Kaims, saw and conquered in Borders country

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AND now for something completely different, a brisk January Borders walk from Greenlaw to view the Bedshiel Kaims that lie south-east of the Lammermuir Hills and the Southern Upland Way.


Map Ordnance Survey map 74, Kelso & Coldstream

Distance 7 miles

Height 100m

Terrain Road, track and path

Start point Greenlaw

Time 3 to 4 hours

Nearest village Greenlaw

Nearest refreshmentsBlackadder Hotel, GreenlawJames Hutton, considered the father of modern geology, wrote that the present is the key to the past and the past is the key to the future. The most obvious example I have come across recently, of the present being the key to the past, are the Bedshiel Kaims. I read an article about the Kaims in the Scottish Geographical Journal, March 2006, by David Evans, Stuart Wilson and Duncan McGregor, and it made me curious enough to want to pay them a visit.

Originally used to define a crooked and winding or steep-sided mound, "kame" or "kaim" is of Scottish origin and a lay term for an esker, an elongated sinuous ridge marking the former position of glacial streams. At the end of the last ice age, some 12,000 years ago, melt-water rivers cut large valleys and layers of sand and gravel were dumped, some in the form of these gravel ridges. An excellent example is the two-and-a-half-mile long ridge that stretches from Dogden Moss to Polwarth Moss and is known locally as "The Kaims". Bedshiel is the name of the nearby farm. The Kaims have been clearly identified on the OS map, probably due to their striking appearance. This single ridge feature rises from the moorland to a height of 15m in places, with wide very steep slopes.

The esker has been breached at a few places, the largest breach being at the mid-point, cut through by the Millknowe Burn, which then becomes the Fangrist Burn. The latter has gouged out quite a channel through Dogden Moss and Greenlaw Moor - all words that graphically describe the terrain. The Fangrist Burn joins the Blackadder Water which flows round the village of Greenlaw.

The Kaims lie north of Greenlaw at map ref 700500 in a triangle of land enclosed by the A697, the A6105 and the B6456, a boomerang-shaped feature that fully deserves its prominence on the map.

When the Mountain Lamb and I went there at the end of November, we did a north/south traverse of the moor from the B6456, passing Bedshiel. We were lucky that it was a lovely day, albeit initially very wet underfoot (it is moorland after all), and the easiest way to the Kaims was following a vehicle track east to map ref 703507, the obvious eastern breach in the esker. This northern side would not be easy to traverse in foul weather, so the following walk goes north from Greenlaw, then back again.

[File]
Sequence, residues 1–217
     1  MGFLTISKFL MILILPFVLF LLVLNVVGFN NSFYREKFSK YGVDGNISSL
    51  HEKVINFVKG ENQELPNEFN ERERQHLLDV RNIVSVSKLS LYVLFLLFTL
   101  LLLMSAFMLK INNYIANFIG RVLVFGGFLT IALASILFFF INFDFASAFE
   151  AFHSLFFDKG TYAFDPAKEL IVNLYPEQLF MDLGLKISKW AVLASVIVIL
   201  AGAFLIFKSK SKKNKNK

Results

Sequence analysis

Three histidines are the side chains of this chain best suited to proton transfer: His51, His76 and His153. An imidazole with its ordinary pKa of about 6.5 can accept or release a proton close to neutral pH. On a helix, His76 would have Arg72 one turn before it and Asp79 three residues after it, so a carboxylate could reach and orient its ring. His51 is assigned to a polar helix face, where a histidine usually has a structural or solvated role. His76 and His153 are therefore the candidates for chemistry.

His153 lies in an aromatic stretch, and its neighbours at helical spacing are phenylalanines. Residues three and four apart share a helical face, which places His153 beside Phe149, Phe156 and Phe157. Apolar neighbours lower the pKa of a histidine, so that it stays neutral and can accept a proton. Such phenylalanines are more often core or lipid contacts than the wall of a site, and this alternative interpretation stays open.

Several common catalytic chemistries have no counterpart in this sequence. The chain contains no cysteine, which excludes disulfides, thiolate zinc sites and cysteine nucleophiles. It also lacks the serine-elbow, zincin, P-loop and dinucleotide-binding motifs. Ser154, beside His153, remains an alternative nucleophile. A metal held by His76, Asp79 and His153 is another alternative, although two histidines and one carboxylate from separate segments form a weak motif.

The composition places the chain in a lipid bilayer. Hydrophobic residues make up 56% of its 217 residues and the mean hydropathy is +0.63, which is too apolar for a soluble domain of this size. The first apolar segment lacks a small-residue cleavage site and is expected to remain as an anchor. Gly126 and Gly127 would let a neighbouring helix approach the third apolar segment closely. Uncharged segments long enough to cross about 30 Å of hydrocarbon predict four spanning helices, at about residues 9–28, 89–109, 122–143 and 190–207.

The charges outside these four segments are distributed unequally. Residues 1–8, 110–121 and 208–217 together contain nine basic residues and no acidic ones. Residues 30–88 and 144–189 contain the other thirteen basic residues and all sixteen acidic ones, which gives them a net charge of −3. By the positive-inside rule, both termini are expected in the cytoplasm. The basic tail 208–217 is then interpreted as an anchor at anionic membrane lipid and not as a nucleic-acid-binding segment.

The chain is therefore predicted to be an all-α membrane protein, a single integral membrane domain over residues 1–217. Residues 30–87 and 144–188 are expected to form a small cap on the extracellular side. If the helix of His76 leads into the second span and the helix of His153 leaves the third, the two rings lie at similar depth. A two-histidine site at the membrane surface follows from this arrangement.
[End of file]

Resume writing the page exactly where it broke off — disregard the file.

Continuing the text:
You will need Ordnance Survey map 74, Kelso and Coldstream. Park in Greenlaw and walk north on the A6105 for a half mile to a minor road on the left, signposted Greenlawdean.

Follow this road to where it turns left. Leave the road for a somewhat muddy but pretty track that goes NNW to the right of a wooded strip and left of grazing fields. Pass a gate at map ref 707475 and turn right to leave the track, going by a not very obvious-at-first path to reach the open moorland.

Continue NNW by the edge of the trees, climbing slightly and following an excellent track. By now the line of the esker can be clearly seen and beyond that the white roof of a large shed beside Bedshiel Farm. Beyond the farm are the twin hills, Dirrington Little and Great Law.

The last section of trees on the left is an open plantation and at its end, at map ref 703488, continue with the track as it turns west, then north, on approaching the small valley of the Fangrist Burn. A vague track continues in a straight line from the corner of the wood, presumably the line of the path shown on the map, but on a misty day it would be safer to stay with the earlier track and its line of fence posts.

The track stays on the high ground above the burn. Continue to map ref 699495 and either cross the bridge or stay on the east side of the burn and meander round to the gap in the esker.

The esker looks like a man-made flood protection bank or a defensive rampart from some ancient fortress. The pebbly under-soil of the esker is all too obvious and quite different from the surrounding terrain. Topped with sparse vegetation, it is a delight to walk on and makes a commanding viewpoint over the bleak surroundings. Take a pleasant stroll to the eastern breach and return the same way.

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